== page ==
Would you march alongside a Nazi if you thought it would lead to punitive abortion bans? Would you steal fetal remains and keep them in your fridge? Would you support an autocratic political party trying to hijack the federal judiciary? Would you let the leader of that party give the keynote at your March, as he did in 2020? Would you try to overthrow the government? Did I already write all of this a few months ago?
"Let's say you bought into all of it…You believed that every abortion was a deliberate murder, only done for unwanted pregnancies, in a world where every pregnancy and every birth goes perfectly, and that this murder was consciously committed by an adult who was just too selfish to want to give birth or raise a child, and enabled by providers and politicians whose motivation was a combination of "genocide" and "profit", and that this had been happening, for fifty years, on a scale that could rival the original Holocaust. As a side note, you shouldn't believe this, because it's not true, and we've talked about that before, but let's say you bought into it fully. Hell, let’s even said you read and believe something like LifeSiteNews, who was sharing QAnon theories with Catholic readers before the delusion went more mainstream, and now you also believe that the Democratic party is explicitly involved, with intent to both commit genocide and find a stream of kids to traffic and vivisect.
So what's the right response to that reality that you just bought into? What are you going to do as a person of faith who cannot abide this atrocity? It's a literal world-historical genocide, and you're just going to pray or donate money somewhere? Isn't the only proportionate response to go to war? Is desecrating a fetal corpse on the altar of a church really all that outlandish if you're stopping the second Holocaust? What about storing fetal remains in your fridge? I mean, come on, millions are dying here and it's your fridge. What about electing a game show host who brags about sexually assaulting women as president? Well, he’s saying he's going to finally get the job done. What about bringing a gun to the Capitol and trying to overthrow the government? Well, wouldn't you have hoped someone would have done the same thing in 1940s Germany? And if you go march for the rights of the unborn and the person marching next to you is a Nazi, well, isn't it worth kind of letting that happen if you’re both working to stop the true atrocity?...The reason that the anti-abortion movement has found itself entangled with violence and nationalism is because violence and nationalism is the logical endpoint of buying what the movement's leaders are selling, and what the movement's leaders have been selling for decades."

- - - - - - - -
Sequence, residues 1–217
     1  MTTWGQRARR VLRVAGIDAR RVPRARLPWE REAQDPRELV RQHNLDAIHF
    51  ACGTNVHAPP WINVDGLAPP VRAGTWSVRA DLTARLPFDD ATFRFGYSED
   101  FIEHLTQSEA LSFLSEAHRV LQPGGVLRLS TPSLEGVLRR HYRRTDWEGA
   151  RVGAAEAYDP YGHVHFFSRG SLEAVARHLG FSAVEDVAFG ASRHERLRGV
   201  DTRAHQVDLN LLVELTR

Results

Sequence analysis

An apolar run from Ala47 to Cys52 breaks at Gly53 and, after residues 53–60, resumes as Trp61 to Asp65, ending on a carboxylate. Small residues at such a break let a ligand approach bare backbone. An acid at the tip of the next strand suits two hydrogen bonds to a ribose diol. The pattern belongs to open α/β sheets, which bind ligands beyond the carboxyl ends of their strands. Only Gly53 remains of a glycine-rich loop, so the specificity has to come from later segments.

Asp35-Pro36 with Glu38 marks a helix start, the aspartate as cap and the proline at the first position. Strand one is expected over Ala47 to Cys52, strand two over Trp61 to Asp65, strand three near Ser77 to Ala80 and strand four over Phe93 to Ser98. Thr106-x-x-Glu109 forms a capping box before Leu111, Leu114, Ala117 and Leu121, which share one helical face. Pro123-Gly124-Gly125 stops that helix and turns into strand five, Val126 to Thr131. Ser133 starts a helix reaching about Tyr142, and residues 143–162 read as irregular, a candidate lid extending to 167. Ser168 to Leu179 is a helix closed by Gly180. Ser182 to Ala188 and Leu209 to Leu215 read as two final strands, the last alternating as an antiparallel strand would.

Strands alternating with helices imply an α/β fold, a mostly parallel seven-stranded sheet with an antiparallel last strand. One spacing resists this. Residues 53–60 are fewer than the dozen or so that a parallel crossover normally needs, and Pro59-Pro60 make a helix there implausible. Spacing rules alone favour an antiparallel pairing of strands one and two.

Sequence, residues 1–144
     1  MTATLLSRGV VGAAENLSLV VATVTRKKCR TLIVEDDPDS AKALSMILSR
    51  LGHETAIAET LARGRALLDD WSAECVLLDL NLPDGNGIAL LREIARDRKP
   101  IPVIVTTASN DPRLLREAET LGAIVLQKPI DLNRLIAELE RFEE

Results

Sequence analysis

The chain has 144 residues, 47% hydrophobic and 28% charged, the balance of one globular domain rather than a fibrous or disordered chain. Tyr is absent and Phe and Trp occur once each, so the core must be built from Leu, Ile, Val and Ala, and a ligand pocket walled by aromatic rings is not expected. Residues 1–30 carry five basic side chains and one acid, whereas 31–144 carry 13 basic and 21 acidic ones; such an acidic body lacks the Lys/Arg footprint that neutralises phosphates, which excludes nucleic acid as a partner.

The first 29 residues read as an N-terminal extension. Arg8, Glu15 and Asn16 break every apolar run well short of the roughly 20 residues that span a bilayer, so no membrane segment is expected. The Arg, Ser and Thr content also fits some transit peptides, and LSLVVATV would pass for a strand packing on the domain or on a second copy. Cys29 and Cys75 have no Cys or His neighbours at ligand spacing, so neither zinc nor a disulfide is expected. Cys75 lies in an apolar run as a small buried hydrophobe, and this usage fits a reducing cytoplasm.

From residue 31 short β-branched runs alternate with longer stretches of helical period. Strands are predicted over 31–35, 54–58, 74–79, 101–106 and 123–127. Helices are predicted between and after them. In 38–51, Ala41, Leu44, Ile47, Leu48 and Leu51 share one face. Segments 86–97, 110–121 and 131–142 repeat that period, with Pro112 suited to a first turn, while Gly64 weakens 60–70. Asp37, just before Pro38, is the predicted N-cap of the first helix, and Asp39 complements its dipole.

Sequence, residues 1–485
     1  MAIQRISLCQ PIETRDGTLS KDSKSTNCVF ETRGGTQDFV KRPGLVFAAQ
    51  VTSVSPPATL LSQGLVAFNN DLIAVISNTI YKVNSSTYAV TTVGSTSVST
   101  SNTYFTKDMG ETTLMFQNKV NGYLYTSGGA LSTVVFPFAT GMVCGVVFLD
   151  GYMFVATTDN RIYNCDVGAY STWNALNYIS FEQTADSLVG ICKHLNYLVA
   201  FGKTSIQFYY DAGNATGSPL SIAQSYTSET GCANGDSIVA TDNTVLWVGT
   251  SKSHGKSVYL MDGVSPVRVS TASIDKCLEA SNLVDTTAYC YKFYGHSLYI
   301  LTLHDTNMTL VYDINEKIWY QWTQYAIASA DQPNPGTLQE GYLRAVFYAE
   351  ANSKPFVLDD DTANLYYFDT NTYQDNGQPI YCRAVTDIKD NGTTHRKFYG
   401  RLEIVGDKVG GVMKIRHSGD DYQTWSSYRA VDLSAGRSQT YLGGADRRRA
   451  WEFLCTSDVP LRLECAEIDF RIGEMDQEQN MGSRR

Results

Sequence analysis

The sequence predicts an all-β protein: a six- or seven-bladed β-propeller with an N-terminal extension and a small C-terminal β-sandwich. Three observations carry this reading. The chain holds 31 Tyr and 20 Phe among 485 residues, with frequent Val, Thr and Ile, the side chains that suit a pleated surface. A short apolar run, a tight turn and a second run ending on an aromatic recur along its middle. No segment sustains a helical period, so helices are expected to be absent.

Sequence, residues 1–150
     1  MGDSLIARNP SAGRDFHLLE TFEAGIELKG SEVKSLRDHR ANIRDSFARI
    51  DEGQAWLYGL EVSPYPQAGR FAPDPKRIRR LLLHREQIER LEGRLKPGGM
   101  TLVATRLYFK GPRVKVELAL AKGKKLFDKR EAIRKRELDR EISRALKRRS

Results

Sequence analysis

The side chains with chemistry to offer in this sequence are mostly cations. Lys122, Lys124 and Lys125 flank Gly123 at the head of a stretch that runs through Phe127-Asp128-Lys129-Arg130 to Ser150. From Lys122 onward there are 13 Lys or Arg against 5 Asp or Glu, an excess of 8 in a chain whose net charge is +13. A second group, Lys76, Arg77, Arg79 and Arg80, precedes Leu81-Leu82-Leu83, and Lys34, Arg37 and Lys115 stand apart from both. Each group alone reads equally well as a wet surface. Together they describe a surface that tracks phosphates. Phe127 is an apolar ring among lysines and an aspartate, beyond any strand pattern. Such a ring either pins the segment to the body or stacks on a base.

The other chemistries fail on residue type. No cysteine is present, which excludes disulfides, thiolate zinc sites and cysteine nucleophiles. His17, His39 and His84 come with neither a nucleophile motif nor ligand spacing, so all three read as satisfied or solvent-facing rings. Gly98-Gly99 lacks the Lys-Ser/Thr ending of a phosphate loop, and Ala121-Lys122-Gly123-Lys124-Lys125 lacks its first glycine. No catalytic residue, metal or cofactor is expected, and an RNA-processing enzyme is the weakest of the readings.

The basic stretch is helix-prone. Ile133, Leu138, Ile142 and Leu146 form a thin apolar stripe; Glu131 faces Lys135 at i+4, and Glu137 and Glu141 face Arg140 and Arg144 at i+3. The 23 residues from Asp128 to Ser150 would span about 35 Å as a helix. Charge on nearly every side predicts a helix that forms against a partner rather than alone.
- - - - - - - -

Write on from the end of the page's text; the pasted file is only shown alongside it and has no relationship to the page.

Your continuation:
You can choose to see abortion as the Wrongest Thing imaginable, committed only by the Wrongest People, where any cost of stopping it can be excused. But you're not excusing something in the abstract, you're excusing things that are happening right now, things that are very clearly hurting people, things that have always been very obvious consequences of this sort of thinking, to this definition.
And maybe I'm excusing things, too, maybe I'm just as bad. I'm making tradeoffs, we all do. But I made tradeoffs because I chose to see abortion as part of health care that people needed and not a crime to be punished. I chose to look at it that way because I know what the consequences are of looking at it another way. I've thought about the consequences of how I choose to define abortion, and because of that, I'm pretty confident that compared to these guys, I'm the one that's a tiny bit closer to something like
civilization. Cloud Atlas is about civilization. Sorry, I got sidetracked for a minute.
The first half of Stories 1 through 5 in Cloud Atlas all focus on some type of cruelty between people. In “The Pacific Journal of Adam Ewing”, an explorer is being deceived by his doctor, who is actually poisoning him slowly so the doctor can kill him and take his money. In “Letters From Zedelghem”, a young con artist is bilking a famous composer out of his money, fucking his wife, and fencing some of his rare books behind his back. In “Half-Lives: The First Luisa Rey Mystery”, a nuclear energy corporation is poisoning the Earth and about to murder the reporter threatening to expose them. In “The Ghastly Ordeal of Timothy Cavendish”, an old man gets committed to an institution by the brother who's tired of dealing with him. In “An Orison of Sonmi~451”, an entire underclass of genetically engineered human beings is bred for slave labor. Humanity is nothing more than tooth and claw, nothing more than the powerful keeping themselves powerful by crushing the idiots below them and taking a little more money, a little more food, and a little more attention.
Story 6, the only story that is not interrupted in the middle, is titled "Sloosha's Crossin' an' Ev'rythin' After", set long after the futuristic corporate dystopia of the previous chapter. Somehow - it's probably best if we don't think about how - humanity has returned to a pre-industrial state, living in small primitive colonies in the Pacific, skirmishing with each other for food and land, and practicing a rudimentary form of monotheistic religion. The narration by the protagonist, Zachry, is written phonetically in a warped Cockney-style pidgin language, which is significantly better-written and less racist than Cillo’s imagined Mexican accents. But the main storyline here is that a visitor, Meronym, has come to Zachry's colony from a group of "Prescients" elsewhere in the Pacific who keep an ancient, almost-forgotten way of life called being "Civ'lized" and are trying to spread their ways to the remaining tribes on Earth. And after a vicious battle with an invading tribe, Zachry and Meronym finally sit down and he asks her the big question [Mitchell presents Meronym’s dialogue in italics in this passage]: